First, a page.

Gummy supplements: Benefits and challenges

Nutritional OutlookNutritional Outlook Vol. 23 No. 9
Volume 23
Issue 9

Tips from an applications specialist on formulating high-performance gummy supplements that also cater to today’s consumer preferences.


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The dietary supplement market has seen an explosion of growth among consumers of all age groups over the last several years. As the general population has become more comfortable taking supplements, they want those supplements to fit better into their everyday routine.

The thought of adding another pill to their daily intake is not all that appealing to customers, especially now that other delivery options are available. The phenomenon known as “pill fatigue”—the stress associated with the need to take numerous, sometimes very large, tablets or capsules throughout the day—has driven formulation innovation. While solutions are available to decrease the size of tablets, for some consumers the thought of taking another pill, no matter the size, is still not a welcome one.

Supplement manufacturers are then faced with the unique challenge of continuing to provide the health benefits consumers demand, while also differentiating the dosage form experience. More traditional solutions, such as chewable tablets, do exist, although these can still invoke the same user stress as a traditional tablet due to their similarity in appearance to standard pills. Changing consumer preferences have forced supplement manufacturers to get a bit more creative to appeal to a wider variety of shoppers.

Enter the gummy.

A Fun, Tasty, and Portable Delivery Format

One of the most popular format variations is the gummy, which is continuing to gain market share. According to Nutrition Business Journal, in 2018 the gummy supplement market experienced a CAGR of about 16% in comparison to the overall supplement market CAGR of 6%. Gummies accounted for 12% of all dietary supplement sales that year.1 Supplement users continue to opt for the gummy format, with recent Council for Responsible Nutrition survey data indicating that 49% of supplement users switched from traditional delivery formats in 2019.2 In the U.S. in 2019, the largest category of gummy supplement launches included vitamins and minerals, with other categories like herbs/botanicals, probiotics, and melatonin gaining in popularity.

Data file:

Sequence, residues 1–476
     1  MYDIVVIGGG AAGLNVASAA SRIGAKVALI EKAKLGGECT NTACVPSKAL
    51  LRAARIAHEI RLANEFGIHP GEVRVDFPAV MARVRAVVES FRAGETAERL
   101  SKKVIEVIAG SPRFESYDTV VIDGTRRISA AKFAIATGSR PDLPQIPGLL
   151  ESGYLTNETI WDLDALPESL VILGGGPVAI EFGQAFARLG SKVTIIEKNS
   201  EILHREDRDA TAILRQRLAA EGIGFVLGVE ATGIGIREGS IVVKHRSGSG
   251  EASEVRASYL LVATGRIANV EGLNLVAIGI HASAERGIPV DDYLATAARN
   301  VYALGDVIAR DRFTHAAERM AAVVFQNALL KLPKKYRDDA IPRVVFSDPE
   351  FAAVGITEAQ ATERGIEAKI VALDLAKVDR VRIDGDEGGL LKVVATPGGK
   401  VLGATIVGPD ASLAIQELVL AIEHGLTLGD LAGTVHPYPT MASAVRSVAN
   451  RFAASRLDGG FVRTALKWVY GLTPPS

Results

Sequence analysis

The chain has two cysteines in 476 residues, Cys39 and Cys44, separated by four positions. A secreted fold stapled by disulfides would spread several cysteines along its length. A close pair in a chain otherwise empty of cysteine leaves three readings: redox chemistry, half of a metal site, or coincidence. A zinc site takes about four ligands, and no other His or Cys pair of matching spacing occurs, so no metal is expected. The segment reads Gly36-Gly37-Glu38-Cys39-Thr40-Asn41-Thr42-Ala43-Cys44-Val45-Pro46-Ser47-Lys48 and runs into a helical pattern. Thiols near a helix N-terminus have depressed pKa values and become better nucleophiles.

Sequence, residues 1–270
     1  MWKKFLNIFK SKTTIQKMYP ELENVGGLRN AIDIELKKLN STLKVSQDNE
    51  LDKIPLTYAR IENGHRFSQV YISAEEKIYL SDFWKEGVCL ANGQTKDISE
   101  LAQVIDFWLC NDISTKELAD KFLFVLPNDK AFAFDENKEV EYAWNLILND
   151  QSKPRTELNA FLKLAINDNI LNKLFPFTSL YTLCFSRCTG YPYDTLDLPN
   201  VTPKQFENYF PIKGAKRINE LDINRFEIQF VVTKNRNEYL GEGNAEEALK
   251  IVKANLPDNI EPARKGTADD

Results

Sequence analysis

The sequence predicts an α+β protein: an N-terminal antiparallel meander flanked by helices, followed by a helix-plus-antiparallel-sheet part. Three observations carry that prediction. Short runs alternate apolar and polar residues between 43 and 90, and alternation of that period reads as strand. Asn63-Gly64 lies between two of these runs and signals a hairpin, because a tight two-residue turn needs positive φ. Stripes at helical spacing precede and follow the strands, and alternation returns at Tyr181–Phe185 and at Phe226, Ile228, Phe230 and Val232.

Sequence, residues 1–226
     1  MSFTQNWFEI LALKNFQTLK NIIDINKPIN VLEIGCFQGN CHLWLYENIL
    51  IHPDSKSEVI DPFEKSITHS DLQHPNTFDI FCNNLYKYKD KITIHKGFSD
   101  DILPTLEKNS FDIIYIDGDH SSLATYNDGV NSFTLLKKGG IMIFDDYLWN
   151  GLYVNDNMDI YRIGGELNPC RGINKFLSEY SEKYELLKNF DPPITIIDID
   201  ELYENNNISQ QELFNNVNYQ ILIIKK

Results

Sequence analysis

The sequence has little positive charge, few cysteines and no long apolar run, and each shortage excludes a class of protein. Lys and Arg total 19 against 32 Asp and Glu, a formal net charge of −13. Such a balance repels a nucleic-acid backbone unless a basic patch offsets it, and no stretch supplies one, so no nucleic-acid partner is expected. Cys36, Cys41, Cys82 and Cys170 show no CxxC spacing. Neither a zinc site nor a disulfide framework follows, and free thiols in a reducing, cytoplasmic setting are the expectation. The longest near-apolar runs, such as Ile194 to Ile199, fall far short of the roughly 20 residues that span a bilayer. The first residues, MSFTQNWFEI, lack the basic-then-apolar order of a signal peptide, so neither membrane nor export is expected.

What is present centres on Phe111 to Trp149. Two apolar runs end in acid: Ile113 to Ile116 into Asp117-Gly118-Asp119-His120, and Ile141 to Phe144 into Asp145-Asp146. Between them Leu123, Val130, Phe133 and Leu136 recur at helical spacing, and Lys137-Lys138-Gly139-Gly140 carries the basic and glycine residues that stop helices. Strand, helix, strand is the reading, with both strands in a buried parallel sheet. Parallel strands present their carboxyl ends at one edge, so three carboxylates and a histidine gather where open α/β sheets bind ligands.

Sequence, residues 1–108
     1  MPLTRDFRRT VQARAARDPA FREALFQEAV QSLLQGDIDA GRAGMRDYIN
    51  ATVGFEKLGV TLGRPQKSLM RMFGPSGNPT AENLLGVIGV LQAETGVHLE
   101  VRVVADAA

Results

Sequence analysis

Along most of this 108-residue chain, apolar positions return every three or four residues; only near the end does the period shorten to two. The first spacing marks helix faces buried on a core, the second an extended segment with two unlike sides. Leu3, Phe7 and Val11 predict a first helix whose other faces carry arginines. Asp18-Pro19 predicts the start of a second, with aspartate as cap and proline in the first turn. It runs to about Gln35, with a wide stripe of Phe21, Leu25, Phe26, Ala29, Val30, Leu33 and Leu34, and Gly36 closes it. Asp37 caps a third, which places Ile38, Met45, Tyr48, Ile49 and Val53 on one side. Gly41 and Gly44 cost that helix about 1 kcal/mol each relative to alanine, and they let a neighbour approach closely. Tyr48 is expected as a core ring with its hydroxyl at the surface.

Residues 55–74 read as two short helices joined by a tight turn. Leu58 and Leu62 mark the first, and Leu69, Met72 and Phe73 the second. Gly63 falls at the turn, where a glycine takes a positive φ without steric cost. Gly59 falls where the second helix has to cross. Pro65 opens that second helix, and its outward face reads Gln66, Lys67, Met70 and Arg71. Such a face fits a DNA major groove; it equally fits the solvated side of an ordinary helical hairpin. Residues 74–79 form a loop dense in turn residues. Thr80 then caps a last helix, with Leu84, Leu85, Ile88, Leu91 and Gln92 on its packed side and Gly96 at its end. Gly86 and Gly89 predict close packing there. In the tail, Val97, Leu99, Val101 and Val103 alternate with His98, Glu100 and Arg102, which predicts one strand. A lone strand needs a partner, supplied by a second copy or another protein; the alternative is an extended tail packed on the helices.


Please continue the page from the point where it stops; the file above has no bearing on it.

One of the main reasons for gummies’ growth stems from the consumer’s experience when taking a gummy. Not only do gummies not look like medicine; if formulated correctly, they don’t taste like it either. Gummies can provide a consumer with a fun, tasty, and portable way to take their daily nutritional supplements while still delivering the desired health claims. This change in perspective on taking a nutritional supplement can not only differentiate a brand; it can also attract new consumers to a company’s product line.

Formulating for Efficacy and Optimal Sensory Experience

When formulating a gummy, many factors need to be considered to ensure the consumer has a stable product with consistent efficacy and the best possible sensory experience. A manufacturer should also consider various consumer preferences, such as the desire for clean-label ingredients, non-animal-based options, and improved health aspects—from caloric to sugar content.

While many gummies are enjoyable because of their sweet, sugary taste, consumers have shown an increasing preference for low- or no-sugar options that are in line with their focus on personal health. Sugar has been connected to various adverse health issues, so low- to no-sugar gummy options can further attract consumers to the format. This preference creates an additional challenge for a formulator, however, as sugar substitutes can have a different taste profile and impart a different texture in the final piece.